Human Identities: Vanderbilt to explore gender and sexuality through campuswide initiativeby Kara Furlong Sep. 5, 2012, 10:38 AM
A tradition among first-year students to read and discuss a common text has inspired a campuswide initiative designed to raise nuanced dialogue about gender and sexuality across the Vanderbilt community.
The themes explored in the 2012 Commons Reading Half the Sky: Turning Oppression Into Opportunity for Women Worldwide will be expanded through an initiative called “Human Identities: Global, Local, Personal,” which will bring international and nationally renowned speakers, art exhibits, film and related programming to Vanderbilt this academic year.
Half the Sky was chosen for the Commons Reading from more than 175 titles nominated by faculty, students and staff. Written by the Pulitzer Prize-winning husband-wife team of Nicholas Kristof and Sheryl WuDunn, the 2009 book uses individual stories and social and political context to shed light on injustices being faced by women in parts of Asia and Africa – such as sex trafficking, maternal mortality, sexual violence and girls’ education – and argues that the oppression of women worldwide is “the paramount moral challenge” of our time. The book was mailed to incoming first-year students’ homes in June, and they were tasked with reading it before coming to campus in anticipation of discussing the work in their Vanderbilt Visions groups throughout the fall semester.
The book’s themes will take root beyond the small-group setting through a series of events under the Human Identities umbrella. Several academic departments, a number of centers and some two dozen student groups have signed on to participate in the programming. “The goal of Human Identities is to last the entire academic year, and to engage first-year students in their context as well as the whole of campus through a variety of related programs from a host of different perspectives,” said Cynthia Cyrus, associate provost for undergraduate education.
Among the planned events are lectures by both authors of Half the Sky. WuDunn will give the Lawson Lecture on Sept. 24, and New York Times journalist Kristof will appear as part of the Chancellor’s Lecture Series on Jan. 31, 2013. In mid-September, three international labor activists will comprise a panel discussing the transformative potential of philanthropy in the women’s human rights movement, and the panelists will interact with students and faculty in a variety of classroom and small-group settings. And beginning Oct. 12, Long Story Bit by Bit: Liberia Retold, an exhibition of war photography by the late Tim Hetherington, will open at Vanderbilt Fine Arts Gallery. Hetherington, an award-winning photographer and Academy Award nominee for the documentary film Restrepo, was killed while covering the Libyan civil war in 2011.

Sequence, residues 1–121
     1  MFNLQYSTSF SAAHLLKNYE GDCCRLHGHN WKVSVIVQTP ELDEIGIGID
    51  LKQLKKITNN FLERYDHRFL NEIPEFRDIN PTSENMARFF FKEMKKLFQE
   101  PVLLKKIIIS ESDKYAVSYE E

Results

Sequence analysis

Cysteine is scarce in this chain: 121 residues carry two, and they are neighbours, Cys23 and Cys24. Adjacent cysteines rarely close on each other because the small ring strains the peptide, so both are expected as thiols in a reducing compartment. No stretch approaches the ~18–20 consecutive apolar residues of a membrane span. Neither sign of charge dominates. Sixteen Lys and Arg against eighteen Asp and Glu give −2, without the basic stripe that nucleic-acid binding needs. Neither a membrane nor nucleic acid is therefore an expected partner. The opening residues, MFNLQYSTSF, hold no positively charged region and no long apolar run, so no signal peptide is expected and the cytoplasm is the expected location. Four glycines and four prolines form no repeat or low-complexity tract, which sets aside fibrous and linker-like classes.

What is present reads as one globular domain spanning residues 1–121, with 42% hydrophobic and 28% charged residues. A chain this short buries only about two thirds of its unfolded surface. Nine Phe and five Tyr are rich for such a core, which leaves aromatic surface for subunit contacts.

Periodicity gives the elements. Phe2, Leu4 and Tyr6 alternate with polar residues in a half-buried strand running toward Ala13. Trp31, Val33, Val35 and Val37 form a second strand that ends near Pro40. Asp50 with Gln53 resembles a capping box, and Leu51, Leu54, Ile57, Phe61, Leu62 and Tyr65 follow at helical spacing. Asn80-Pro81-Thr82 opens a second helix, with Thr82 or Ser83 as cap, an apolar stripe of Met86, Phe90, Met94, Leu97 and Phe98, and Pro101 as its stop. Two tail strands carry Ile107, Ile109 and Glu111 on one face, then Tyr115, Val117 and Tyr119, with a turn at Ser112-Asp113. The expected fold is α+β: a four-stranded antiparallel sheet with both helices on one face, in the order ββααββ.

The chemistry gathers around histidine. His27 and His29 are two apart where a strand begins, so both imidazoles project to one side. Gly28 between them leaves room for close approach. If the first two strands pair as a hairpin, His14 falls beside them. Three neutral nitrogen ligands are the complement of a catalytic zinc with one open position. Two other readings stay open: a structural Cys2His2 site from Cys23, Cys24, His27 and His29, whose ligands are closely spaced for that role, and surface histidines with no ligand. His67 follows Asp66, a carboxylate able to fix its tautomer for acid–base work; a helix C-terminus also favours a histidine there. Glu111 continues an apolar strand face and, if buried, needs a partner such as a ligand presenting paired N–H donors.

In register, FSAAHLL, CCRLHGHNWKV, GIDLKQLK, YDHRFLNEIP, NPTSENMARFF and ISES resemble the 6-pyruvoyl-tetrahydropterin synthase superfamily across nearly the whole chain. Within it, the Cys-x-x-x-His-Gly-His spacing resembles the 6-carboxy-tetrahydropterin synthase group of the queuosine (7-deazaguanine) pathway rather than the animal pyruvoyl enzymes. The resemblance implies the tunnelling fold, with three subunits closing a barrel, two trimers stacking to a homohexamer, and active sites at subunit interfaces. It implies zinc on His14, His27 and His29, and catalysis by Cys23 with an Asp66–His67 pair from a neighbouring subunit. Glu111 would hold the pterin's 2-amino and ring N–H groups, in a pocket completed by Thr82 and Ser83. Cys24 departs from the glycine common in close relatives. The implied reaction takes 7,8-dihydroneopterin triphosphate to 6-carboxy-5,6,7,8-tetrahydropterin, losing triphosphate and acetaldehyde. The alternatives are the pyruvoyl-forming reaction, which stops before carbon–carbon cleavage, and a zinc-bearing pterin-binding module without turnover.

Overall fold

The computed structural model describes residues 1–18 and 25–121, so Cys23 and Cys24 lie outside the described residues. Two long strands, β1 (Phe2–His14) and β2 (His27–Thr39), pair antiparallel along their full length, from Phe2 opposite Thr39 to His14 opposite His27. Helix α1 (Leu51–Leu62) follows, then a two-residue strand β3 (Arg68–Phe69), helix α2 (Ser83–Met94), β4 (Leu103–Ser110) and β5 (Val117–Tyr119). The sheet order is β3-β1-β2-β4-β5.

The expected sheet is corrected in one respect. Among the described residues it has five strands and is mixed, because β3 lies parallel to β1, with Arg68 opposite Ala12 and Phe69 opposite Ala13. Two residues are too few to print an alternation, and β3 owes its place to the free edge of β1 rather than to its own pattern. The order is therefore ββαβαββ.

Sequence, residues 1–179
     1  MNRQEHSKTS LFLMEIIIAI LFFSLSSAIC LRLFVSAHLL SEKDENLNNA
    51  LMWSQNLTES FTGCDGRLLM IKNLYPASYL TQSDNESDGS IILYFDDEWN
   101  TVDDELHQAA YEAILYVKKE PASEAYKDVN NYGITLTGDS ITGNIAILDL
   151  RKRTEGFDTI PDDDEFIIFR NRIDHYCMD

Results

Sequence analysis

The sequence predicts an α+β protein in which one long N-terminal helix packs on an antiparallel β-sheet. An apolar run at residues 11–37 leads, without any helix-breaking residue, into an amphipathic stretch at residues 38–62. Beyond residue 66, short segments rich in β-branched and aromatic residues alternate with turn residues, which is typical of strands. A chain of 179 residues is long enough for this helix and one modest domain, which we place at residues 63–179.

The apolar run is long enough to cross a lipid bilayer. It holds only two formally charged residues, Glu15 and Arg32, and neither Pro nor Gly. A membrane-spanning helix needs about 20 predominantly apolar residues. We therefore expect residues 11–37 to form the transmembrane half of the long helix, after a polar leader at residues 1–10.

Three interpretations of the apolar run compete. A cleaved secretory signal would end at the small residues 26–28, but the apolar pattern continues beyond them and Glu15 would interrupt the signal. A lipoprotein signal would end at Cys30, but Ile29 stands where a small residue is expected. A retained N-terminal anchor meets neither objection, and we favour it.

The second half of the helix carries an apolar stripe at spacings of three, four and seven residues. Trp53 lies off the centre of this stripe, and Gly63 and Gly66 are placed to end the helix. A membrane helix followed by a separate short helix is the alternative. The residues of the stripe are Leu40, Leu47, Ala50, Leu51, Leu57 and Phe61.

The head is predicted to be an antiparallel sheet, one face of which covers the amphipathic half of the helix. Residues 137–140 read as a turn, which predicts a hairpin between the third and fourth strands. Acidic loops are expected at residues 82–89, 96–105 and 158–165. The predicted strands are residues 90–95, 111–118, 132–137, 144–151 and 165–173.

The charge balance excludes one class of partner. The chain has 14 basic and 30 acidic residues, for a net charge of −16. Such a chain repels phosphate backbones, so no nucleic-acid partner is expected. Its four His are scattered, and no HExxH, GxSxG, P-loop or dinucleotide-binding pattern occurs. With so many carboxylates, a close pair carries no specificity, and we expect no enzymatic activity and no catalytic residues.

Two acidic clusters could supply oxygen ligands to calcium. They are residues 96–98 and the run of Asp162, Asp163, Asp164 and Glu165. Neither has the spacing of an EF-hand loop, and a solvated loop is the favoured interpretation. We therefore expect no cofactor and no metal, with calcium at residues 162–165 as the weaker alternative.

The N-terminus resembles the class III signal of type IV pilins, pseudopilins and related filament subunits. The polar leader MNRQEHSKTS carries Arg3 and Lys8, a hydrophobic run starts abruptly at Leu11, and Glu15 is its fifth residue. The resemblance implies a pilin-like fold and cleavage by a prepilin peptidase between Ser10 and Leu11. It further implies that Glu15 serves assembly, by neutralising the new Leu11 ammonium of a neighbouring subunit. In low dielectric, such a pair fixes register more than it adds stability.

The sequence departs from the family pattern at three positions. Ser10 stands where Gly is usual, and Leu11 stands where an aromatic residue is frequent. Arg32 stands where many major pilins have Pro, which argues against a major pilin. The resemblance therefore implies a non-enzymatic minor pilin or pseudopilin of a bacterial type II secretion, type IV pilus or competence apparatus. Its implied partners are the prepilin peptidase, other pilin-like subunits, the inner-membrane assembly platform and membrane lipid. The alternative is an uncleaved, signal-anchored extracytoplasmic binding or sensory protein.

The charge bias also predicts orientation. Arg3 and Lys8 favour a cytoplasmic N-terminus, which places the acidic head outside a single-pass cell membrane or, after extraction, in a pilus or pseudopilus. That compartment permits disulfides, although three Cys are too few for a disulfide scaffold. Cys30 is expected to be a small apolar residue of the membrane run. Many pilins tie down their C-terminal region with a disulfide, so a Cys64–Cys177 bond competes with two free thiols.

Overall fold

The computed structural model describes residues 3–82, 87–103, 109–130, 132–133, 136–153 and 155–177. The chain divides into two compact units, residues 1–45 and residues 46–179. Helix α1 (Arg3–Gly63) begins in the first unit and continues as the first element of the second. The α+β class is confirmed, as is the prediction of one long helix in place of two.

Organizers say Half the Sky is not only a compelling read, but also as an unmistakable call to action – further reason why it has deep implications for the Vanderbilt campus.
”I think it’s easy to read a book about someone in a faraway place and think of them as an ‘other,’” said Nora Spencer, director of the Margaret Cuninggim Women’s Center and the Office of LGBTQI Life at Vanderbilt. “The Human Identities program will encourage students to personalize the book’s message and find their own identities within a larger discussion, then figure out how to begin to integrate these identities within a worldview or local view or Vanderbilt community view.” Organizers hope participating in this larger discussion will leave a lasting impression on students, helping to direct their coursework and shape their pursuit of service learning throughout their Vanderbilt careers.
”Our motto with Human Identities is: ‘Read, think, act, grow,’” Cyrus said. “It implies a multistage process of development. It’s very much a part of our educational mission, and it unifies a range of themes one must consider as a member of a campus community.”
Fall events for “Human Identities: Global, Local, Personal” include:
- Now through Oct. 15 – “Making Strides: Women as Agents of Social Change,” an exhibit illustrating women’s efforts in the Nashville community to promote equal rights and to gain access to education, family planning and employment, featuring rare materials from Vanderbilt Libraries Special Collections. Central Library, floors 4 and 6
Sept. 9, 7 p.m. – “LGBTQI Issues Update with Gautam Raghavan,” the White House’s associate director of public engagement. Student Life Center Board of Trust Room
- Sept. 17, 4:30-5:30 p.m. and Sept. 18, 4-5 p.m. – “The Power of Women’s Activism, Locally and Transnationally,” panel discussions featuring Kalpona Akter and Babul Akhter, co-founders of the Bangladesh Center for Worker Solidarity, and Ida Le Blanc, general secretary of the National Union of Domestic Employees. The Commons Center Multipurpose Rooms 235-237
- Sept. 19, 4-5:30 p.m. – “Philanthropy Transformed,” a panel featuring Akter, Akhter and Le Blanc discussing ways in which philanthropy can support women’s human rights activism, moderated by Associate Professor of Political Science Brooke Ackerly. Wilson Hall, Room 126
- Sept. 24, 7 p.m. – “Empowering Women Around the World,” the Lawson Lecture featuring Sheryl WuDunn. Langford Auditorium; seating is limited, with priority given to the Class of 2016
- Oct. 12-Dec. 6 – “Long Story Bit by Bit: Liberia Retold,” photo exhibition by Tim Hetherington. Vanderbilt Fine Arts Gallery; opening reception Oct. 12, 5-7 p.m.
Human Identities is sponsored by the Office of the Provost in collaboration with The Martha Rivers Ingram Commons, the departments of Political Science and Women’s and Gender Studies, the Margaret Cuninggim Women’s Center, the Office of LGBTQI Life, the Office of the Dean of Students, Residential Life, the Bishop Joseph Johnson Black Cultural Center, the Global Education Office, International Lens and Central Library, among others.